Summary info for schedule – will be hidden on film page
Daughter From Danang
A dramatic and surprising story of a 22 year old Amerasian girl who returns to Vietnam to meet her mother. The film shows the joys and complexities of a cross-cultural encounter.
Screening day / time
Check Back Soon

Daughter From Danang

Filmmaker info pending
Running Time
80 minutes

Daughter From Danang

In 1975, as the Vietnam War was ending, thousands of orphans and Amerasian children were brought to the United States as part of Operation Babylift. Well meaning on the surface, but causing untold ripples in peoples’ lives, the saga continues today. This is the dramatic story of one of those children and her Vietnamese mother reunited 22 years later. Through intimate and sometimes excruciating moments, this film shows how wide the chasms of cultural difference can be. (Grand Jury Prize, Best Documentary, Sundance Film Festival 2002)

Filmmaker Notes:

In many ways we like to think of the film as having chosen us. We weren’t actively looking for a Vietnam-related subject, we didn’t decide to research Operation Babylift nor did we do an extensive search to select a potential primary character whose story we wanted to tell. In fact, here’s how it all began. Gail was at a party and ran into her old friend, journalist T. T. Nhu. Gail and Nhu had known each other since their days as activists working to end the Vietnam War. Nhu had recently returned from a trip to Vietnam and was describing her experience of delivering a letter to a Vietnamese mother in Danang who hadn’t heard from her Amerasian daughter in 22 years. As she described the emotional intensity of the scene, Gail remembers feeling her documentary filmmaker’s heartbeat accelerate. She expressed to Nhu that she thought it was unfortunate no one had traveled with her to document the moment. Nhu responded saying that Heidi was planning to make the trip to meet her mother — maybe we wanted to come along. Gail instantly knew there was a film to be made about the ensuing mother-daughter reunion and immediately called Vicente. Six weeks later we were in Vietnam. We weren’t quite sure of the scope of the film that might result from the trip, but there was no time to waste wondering. If we joined Heidi Bub on her return to Vietnam, we would at least be able to capture the reunion and what we believed would be a re-connection by Heidi with her long forgotten Vietnamese roots. The cultural divide between Pulaski, Tennessee where Heidi had been raised since age seven and her family and background in Danang seemed rich in possibilities. Our motivation as filmmakers is always inspired by passion-driven stories and the opportunity to step into the unknown and capture life as it reveals itself. In this case, we certainly were as unprepared as Heidi for what was about to unfold. We all believed that the reunion would be a healing story, a kind of full-circle coming home. The war in Vietnam was long over and we could create a film that, we believed, would ease the collective pain that is still connected to the war. The tragic drama of Heidi’s reunion with her mother, however, reminds us that wars don’t end when peace treaties are signed and bombs stop falling. It can take generations to heal from the wounds of war.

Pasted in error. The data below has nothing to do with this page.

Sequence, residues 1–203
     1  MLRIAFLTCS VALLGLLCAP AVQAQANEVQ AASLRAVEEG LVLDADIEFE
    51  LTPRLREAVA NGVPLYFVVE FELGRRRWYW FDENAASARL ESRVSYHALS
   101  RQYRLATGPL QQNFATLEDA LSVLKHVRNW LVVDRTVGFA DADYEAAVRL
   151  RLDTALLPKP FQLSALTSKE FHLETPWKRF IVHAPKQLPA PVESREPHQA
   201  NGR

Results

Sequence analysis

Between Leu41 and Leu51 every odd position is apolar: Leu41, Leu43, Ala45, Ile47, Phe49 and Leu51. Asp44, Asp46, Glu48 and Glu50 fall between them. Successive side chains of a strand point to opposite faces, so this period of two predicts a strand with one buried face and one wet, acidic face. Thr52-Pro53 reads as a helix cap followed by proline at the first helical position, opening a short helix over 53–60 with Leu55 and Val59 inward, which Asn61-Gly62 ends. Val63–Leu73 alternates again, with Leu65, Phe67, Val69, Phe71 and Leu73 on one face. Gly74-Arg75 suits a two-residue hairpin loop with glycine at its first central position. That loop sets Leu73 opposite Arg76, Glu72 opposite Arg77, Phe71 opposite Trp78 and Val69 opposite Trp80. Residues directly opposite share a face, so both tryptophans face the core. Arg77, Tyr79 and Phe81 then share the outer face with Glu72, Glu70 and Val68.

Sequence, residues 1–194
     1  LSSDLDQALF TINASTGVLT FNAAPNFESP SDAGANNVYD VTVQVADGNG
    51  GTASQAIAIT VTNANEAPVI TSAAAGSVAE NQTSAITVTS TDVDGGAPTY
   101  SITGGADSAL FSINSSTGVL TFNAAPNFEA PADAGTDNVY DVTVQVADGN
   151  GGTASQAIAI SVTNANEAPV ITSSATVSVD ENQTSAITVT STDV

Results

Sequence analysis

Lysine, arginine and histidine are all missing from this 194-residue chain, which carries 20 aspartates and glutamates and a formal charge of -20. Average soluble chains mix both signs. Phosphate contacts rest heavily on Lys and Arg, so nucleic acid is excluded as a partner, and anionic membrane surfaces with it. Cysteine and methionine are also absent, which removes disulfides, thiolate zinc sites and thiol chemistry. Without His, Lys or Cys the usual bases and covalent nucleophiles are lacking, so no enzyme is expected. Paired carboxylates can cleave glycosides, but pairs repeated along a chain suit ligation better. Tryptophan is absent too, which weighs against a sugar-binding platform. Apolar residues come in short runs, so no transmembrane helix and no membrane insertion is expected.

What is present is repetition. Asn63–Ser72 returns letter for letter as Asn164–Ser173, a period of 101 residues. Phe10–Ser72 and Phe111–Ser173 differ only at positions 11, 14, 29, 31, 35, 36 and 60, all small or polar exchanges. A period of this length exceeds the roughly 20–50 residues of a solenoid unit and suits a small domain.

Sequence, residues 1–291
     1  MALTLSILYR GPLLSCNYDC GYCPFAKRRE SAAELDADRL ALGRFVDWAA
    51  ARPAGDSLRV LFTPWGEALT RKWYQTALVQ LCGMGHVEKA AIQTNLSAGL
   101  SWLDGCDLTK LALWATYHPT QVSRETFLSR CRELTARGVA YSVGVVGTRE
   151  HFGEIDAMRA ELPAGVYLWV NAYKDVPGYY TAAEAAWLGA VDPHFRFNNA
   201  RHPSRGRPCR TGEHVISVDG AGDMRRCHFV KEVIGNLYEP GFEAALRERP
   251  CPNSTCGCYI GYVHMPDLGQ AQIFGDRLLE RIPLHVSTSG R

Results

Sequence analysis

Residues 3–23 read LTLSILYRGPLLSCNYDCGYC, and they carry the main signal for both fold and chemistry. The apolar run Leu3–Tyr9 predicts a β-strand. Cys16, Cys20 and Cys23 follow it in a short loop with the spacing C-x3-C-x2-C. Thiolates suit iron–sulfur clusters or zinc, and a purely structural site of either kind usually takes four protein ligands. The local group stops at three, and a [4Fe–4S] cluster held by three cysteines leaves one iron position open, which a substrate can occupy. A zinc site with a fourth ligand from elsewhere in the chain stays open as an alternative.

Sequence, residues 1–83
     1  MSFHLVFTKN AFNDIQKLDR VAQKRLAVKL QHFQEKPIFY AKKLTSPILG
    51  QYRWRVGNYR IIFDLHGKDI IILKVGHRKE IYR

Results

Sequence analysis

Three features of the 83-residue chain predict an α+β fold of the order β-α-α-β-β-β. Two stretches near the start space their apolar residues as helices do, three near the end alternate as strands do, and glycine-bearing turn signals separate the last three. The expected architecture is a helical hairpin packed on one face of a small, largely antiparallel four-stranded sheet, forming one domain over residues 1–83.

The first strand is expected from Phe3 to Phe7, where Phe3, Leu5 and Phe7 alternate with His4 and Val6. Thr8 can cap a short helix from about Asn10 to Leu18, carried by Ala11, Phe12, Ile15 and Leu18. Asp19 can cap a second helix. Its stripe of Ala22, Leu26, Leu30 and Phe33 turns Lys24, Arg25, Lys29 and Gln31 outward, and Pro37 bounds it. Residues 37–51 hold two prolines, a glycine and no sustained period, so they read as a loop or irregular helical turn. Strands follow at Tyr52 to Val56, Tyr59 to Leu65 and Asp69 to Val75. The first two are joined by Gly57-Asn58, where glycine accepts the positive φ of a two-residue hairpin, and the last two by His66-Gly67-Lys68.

Film details
Year(s) screened
  • 2002
Where to Watch
Scroll to Top